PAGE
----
As soon as possible, standing exercises in the parallel bars are started, with or without the prosthesis.

Once the patient has been fitted he learns to flex and extend his knee to work the stump comfortably in the socket. He is taught to bring his weight over the prosthesis and gradually reduce the support provided by the parallel bars.

It is very important that the patient learns to bring his full weight over the prosthesis before he starts walking and learns to have confidence in his new leg.

It is helpful to do these exercises in front of a mirror so that the patient can correct his posture with his weight evenly distributed over both legs.

Once the patient can accomplish the balance exercises properly, with only slight support from the parallel bars, walking training can be started between the bars which, at this stage, are only for security and to give the patient more confidence.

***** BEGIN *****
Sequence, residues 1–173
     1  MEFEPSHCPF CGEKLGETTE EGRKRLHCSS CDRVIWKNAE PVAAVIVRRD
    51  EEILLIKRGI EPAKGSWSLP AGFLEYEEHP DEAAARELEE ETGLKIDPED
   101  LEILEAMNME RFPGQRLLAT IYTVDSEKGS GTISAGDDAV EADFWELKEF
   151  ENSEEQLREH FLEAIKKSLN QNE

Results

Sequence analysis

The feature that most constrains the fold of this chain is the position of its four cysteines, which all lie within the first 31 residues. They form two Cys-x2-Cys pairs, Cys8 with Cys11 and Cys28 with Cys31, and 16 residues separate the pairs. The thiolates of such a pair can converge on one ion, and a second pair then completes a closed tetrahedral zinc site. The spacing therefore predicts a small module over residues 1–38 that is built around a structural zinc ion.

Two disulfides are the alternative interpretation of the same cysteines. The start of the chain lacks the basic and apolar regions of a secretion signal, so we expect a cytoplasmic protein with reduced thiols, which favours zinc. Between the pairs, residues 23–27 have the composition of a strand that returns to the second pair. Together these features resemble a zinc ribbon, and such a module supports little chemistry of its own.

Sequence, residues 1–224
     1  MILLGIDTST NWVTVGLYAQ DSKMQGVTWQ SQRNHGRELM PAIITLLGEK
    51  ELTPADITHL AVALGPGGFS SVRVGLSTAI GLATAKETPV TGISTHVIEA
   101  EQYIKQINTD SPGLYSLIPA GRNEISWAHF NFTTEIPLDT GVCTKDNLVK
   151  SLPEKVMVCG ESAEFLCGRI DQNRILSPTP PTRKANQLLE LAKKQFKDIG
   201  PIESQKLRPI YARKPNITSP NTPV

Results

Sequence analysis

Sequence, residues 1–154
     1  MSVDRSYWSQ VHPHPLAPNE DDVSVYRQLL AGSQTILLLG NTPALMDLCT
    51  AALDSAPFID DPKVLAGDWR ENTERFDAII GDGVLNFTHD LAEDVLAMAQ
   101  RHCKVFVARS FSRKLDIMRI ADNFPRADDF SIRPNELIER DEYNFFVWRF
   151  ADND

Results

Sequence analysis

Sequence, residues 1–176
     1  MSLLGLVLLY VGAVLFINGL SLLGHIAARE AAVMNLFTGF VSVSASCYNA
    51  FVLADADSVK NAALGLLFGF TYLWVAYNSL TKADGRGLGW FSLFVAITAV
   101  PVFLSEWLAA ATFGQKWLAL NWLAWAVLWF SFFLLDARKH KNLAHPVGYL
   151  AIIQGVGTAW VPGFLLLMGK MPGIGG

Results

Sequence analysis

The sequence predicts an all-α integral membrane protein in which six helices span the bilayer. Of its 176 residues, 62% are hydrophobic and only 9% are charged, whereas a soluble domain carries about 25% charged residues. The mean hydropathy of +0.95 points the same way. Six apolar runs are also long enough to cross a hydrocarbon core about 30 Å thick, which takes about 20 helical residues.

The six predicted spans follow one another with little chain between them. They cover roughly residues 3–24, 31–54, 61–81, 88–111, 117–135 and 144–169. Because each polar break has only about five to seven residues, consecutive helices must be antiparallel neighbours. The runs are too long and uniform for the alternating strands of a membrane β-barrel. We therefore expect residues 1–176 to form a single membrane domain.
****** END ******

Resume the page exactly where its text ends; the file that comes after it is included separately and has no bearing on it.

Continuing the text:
Initial walking exercises

Firstly, the patient is taught to raise each knee alternately and to try to take weight on his limb as much as possible. Secondly, with the prosthetic foot five to ten centimetres ahead of the sound foot, he is asked to flex his knee with progressively more weight on it until the prosthetic foot is flat on the floor (Fig. 1, left). He is then asked to do the reverse and extend the knee fully, at the same time bringing the weight back to the sound leg. This teaches the patient that he can use and trust the knee of his limb. Thirdly, he brings the prosthetic foot forward again as described previously, then steps forward with the normal foot at the same time extending the knee on the amputated side while keeping the foot flat on the floor. This is repeated with the sound foot in front. When he has mastered these exercises, free walking in the parallel bars is undertaken. It is very important that the patient learns to use his knee right from the start, as once a bad habit is established it is very difficult to correct the fault.

Advanced walking exercises